The sides sort of "fold" into the back with a very elegant machined edge, and the back itself is very simple and clean. I really love how it looks — the Vivo line has long been my favorite from Blu, and this phone embodies everything that it should be. Sleek, elegant, minimal, and clean. I'm a huge fan of what Blu has done with the hardware and build on this phone.
Like the Vivo XL, you'll find the V5's USB Type-C port on the bottom, which again is both a blessing and a curse. It's nice to have because it's new technology, superior to its predecessors in basically every way. It's a downer because those 1700 microUSB cables you likely have are now useless. Still, you have to embrace the change at some point, so I'm glad to see Blu go ahead and make the jump to this new format. I hope they stick with it on all devices moving forward.
Back around front, you'll find the same 5.5-inch 720p panel that's on the Vivo XL. Like I said in that review, I know some people will be disappointed by the display resolution, but I honestly don't think there's much of a reason to feel that way. The density still comes in at a very reasonable 267 PPI, which is nothing to scoff at. I mean, it's not the 518 PPI of something like the Nexus 6P, but it's still very usable (and almost a third the cost of a 6P, too). On a display of this size, it's barely noticeable to my eyes, and the Super AMOLED panel looks great.
Like I said in the VXL review, the SAMOLED display's color reproduction is really nice — better than the Nexus 6. In fact, it's very comparable to the 6P when it comes to color balance, which is really impressive for a phone at this price point. The whites are actually a bit less dingy than the 6P's, and other colors are slightly more vibrant. In other words, there's a bit more range on the VXL, but ultimately it's really a wash. Just know that this is a damn nice display for a $200 phone, resolution be damned.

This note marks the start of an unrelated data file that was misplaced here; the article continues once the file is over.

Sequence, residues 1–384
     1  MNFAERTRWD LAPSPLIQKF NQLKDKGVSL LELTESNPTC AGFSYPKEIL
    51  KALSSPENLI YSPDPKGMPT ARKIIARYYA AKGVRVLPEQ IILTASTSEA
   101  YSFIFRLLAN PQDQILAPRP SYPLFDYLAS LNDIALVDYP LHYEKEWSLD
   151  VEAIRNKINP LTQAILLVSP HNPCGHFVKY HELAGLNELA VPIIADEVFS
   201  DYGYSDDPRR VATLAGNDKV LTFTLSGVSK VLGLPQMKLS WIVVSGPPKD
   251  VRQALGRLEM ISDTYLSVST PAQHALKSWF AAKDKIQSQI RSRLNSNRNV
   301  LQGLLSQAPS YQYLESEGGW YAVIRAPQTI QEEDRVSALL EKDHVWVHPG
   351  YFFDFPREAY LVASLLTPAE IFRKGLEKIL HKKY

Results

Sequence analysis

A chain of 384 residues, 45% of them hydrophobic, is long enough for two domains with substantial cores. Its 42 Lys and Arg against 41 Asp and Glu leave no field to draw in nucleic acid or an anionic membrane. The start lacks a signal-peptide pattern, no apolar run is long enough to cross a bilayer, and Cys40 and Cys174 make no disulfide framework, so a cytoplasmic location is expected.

Finally, let's talk about the camera.
Basically, this is the same camera that's in the Vivo XL, but it has a couple more options in the software. Here's the full list of shooting choices:
- Normal: Basically this is auto.
- Professional: Enables advanced shooting features, like shutter speed, ISO, WB, etc.
- Face Beauty: Smooth edges to make ugly faces pretty and pretty faces prettier. Or something.
- Take anytime: Shoot a bunch of pictures and this mode will recommend the best ones.
- Magic Focus: This is essentially a smart depth-of-field control that easily gives images that shallow DoF look.
- Filter: Instagram your photos without Instagram.
- HDR: High dynamic range.
- Panorama: Um, panorama.
- Night: Improves shooting performance in low-light situations by reducing noise.
- PicNote: Automatically crops and optimizes pictures after shooting, best for taking pcitures of text, I guess.
- Ultra Pixel: Takes pictures at five times the normal resolution. It actually seems to work reasonably well.
- Smart Scene: Automatically chooses the best shooting scene, be it night, HDR, or one of the others.
- Scan: QR scanner. More cameras should do this by default.
- GIF: Take 20 shots in a row and this will turn it into a GIF. Welcome to the future.
OK, so there's everything the camera can do. Now here's some examples of how it looks doing that stuff. Pretty much all of those shots were done in the "normal" setting for comparison purposes. Overall, it looks pretty good. Pretty, pretty...pretty good.